It’s no surprise that 22% of people have had their cars damaged because of speed bumps. Launched in 1983 to slow drivers down, now there are 29,000 speed bumps in the UK! We’ve had lots of discussions with drivers about speed bumps and most of them having nothing good to say about them – (not surprisingly). Drivers made the following comments which we have summarised below.
- Speed – when you see a speed bump you reduce your speed for a few seconds and then actually speed up quickly, more than you would if you were just driving along the road. So speed bumps don’t work!
- Car damage – they cause damage to our cars. The damage ranged from issues with the suspension to damage to bodywork.
- Environment – they are bad for the environment as drivers to speed up and slow down, this could have an impact on air quality.
- Signs – there should be clearer signs to warn drivers there is a speed bump.
Types of Speed Bumps
There are actually four different types of speed bumps: a speed bump, a speed hump, a speed cushion, and a speed table.
Speed Bumps are abruptly raised areas in the road, they are rounded and are usually from 2 to 6 inches high and can be 6 inches to up to 3 ft long. They are designed so drivers to go over them at five miles per hour or less. For this reason, they are usually found in private roads, parking lots and residential streets as drivers would already be driving at a low speed. If drivers go over speed bumps at a higher speed this would cause damage to their vehicles. So maybe it’s not the speed bumps that are causing damage to the vehicle as we mentioned above, but rather the speed that drivers are going over the bumps!
Speed humps are more rounded, raised areas placed across the roadway. They are usually 3 to 4 inches high and 10 to 14 feet long. They actually create a gentle rocking motion to vehicles would usually slow down to 15-20 mph over the speed humps. If they are spaced out along the road then you can go over them at 25 to 30 mph safely.
Speed cushions are several small speed humps that go across the width of the road with spaces between them. They are generally placed in a series across a roadway resembling a split speed hump. They are designed to force cars to slow down as they ride with one or both wheels on the humps.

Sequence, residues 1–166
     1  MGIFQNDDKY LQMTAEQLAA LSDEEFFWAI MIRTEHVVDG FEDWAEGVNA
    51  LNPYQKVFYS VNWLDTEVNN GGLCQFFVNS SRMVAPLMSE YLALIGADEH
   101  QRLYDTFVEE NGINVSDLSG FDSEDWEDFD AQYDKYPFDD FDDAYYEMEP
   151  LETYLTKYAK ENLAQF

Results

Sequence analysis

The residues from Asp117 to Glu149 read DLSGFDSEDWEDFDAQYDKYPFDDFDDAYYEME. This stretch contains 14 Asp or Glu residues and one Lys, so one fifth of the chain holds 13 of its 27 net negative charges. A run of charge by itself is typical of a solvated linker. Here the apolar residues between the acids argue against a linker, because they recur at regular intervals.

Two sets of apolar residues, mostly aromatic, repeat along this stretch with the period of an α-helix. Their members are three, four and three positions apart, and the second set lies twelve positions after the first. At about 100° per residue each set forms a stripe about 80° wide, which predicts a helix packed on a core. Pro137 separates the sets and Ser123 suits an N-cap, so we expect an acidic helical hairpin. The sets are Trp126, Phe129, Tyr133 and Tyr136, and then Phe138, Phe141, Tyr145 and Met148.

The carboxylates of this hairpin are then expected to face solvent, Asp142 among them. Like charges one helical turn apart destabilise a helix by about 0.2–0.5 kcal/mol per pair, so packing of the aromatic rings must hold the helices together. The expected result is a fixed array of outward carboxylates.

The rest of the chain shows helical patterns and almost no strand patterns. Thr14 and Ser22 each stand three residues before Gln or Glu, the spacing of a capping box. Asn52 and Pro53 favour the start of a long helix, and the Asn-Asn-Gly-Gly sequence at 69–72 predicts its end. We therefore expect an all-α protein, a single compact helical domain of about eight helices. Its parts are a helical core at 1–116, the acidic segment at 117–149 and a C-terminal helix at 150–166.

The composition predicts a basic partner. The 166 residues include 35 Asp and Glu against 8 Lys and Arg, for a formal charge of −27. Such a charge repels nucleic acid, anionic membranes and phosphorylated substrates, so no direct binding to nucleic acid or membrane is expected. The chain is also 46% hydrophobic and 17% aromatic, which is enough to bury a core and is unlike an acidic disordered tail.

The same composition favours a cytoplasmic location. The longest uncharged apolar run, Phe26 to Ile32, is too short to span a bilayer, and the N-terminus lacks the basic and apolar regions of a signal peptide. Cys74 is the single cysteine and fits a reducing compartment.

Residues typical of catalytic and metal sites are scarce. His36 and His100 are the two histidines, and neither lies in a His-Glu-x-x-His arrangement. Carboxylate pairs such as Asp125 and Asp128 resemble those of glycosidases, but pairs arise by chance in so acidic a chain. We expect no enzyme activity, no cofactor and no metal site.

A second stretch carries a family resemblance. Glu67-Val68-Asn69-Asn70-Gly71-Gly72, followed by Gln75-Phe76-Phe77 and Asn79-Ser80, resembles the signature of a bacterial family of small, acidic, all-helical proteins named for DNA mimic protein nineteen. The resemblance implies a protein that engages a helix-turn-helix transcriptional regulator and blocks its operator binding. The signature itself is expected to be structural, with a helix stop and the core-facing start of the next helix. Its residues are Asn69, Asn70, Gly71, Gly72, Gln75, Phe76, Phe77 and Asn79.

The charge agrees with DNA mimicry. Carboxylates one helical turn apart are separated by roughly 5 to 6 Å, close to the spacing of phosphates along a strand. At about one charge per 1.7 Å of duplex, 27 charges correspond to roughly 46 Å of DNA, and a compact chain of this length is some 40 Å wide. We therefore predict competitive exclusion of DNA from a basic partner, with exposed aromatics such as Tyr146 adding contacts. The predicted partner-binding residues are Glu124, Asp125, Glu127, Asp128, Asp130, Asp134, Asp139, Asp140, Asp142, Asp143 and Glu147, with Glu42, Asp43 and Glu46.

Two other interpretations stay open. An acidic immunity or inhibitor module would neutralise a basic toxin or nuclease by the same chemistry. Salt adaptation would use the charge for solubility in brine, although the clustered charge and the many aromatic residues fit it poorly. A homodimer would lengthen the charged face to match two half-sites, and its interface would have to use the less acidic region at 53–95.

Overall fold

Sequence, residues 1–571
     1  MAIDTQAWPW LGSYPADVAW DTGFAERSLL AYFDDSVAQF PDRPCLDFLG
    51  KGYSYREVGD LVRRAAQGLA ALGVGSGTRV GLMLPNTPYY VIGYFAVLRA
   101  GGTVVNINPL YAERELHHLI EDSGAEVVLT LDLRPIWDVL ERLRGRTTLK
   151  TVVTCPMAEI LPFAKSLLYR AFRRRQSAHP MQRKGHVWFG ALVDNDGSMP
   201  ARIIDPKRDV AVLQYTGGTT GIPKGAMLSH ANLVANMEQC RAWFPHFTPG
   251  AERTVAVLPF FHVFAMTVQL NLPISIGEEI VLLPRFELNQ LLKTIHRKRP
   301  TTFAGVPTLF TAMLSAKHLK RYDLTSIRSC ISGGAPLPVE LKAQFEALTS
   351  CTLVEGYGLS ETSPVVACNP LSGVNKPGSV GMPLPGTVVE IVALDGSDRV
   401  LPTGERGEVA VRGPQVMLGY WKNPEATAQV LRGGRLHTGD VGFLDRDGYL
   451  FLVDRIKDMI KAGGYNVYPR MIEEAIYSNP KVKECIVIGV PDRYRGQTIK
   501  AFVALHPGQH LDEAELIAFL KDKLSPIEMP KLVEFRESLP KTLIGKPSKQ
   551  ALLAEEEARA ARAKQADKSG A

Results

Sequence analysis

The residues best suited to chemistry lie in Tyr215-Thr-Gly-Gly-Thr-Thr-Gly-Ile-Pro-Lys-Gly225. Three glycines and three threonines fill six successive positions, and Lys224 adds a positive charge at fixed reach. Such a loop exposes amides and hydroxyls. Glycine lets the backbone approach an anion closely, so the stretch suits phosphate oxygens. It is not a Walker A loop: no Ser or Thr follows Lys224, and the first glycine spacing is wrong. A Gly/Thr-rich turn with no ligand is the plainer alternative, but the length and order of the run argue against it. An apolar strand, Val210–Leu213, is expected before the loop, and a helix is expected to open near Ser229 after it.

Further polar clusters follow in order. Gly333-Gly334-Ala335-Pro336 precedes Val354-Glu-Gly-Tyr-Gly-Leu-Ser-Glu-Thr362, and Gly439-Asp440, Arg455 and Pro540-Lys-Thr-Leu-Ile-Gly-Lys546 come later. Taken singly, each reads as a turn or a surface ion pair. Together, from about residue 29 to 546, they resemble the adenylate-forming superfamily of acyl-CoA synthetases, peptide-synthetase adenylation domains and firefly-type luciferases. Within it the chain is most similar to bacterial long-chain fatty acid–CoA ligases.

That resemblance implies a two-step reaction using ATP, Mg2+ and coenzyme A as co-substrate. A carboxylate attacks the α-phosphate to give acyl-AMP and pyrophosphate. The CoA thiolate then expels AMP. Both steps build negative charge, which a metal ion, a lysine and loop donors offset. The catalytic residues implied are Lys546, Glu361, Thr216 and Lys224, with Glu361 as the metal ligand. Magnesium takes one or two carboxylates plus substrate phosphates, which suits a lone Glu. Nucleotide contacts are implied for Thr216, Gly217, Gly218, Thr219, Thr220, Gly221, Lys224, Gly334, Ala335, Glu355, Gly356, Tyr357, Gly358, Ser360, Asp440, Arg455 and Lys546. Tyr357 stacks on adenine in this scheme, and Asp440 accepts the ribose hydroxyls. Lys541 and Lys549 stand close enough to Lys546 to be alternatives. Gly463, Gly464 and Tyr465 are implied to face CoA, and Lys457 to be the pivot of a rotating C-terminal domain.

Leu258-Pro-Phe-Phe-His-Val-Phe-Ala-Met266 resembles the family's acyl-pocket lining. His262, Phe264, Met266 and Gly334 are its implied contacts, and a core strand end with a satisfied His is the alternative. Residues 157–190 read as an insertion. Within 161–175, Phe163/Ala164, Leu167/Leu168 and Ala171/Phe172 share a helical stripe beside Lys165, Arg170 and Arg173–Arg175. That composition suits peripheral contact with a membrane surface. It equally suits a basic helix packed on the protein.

Speed tables are flat-topped speed humps often constructed with brick or other textured materials on the flat section. Speed tables are typically long enough for the entire wheelbase of a passenger car to rest on the flat section. They are good for locations where low speeds are desired but a somewhat smooth ride is needed for larger vehicles.
Speed Bumps Regulations
There are speed bump regulations which are very specific, we will just summarise the interesting parts here!
- Location – there are specific regulations to do with where speed bumps can be located. Such as they shouldn’t be near a railway level crossing. They can’t be positioned within 25m of bridges or tunnels.
- Dimensions – there are specific dimensions that are permitted. Height should be between 25mm and 100mm. The minimum length should be 900mm.Whether drivers like speed bumps or not, they are not going anywhere. It would be too costly to remove them. Residents usually like them as drivers are forced to slow down. The best thing to do when you see a sign for a speed bump is to slow down to prevent any damage to your vehicle!If you need recovery for your vehicle call 01184 492443 our 24-hour breakdown and recovery will be happy to assist you.